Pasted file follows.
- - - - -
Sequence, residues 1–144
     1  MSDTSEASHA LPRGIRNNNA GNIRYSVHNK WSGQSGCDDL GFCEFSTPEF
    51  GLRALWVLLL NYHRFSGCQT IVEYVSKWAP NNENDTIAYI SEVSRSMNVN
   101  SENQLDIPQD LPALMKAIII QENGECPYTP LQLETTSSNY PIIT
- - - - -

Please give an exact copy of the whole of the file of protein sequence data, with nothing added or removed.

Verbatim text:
Sequence, residues 1–144
     1  MSDTSEASHA LPRGIRNNNA GNIRYSVHNK WSGQSGCDDL GFCEFSTPEF
    51  GLRALWVLLL NYHRFSGCQT IVEYVSKWAP NNENDTIAYI SEVSRSMNVN
   101  SENQLDIPQD LPALMKAIII QENGECPYTP LQLETTSSNY PIIT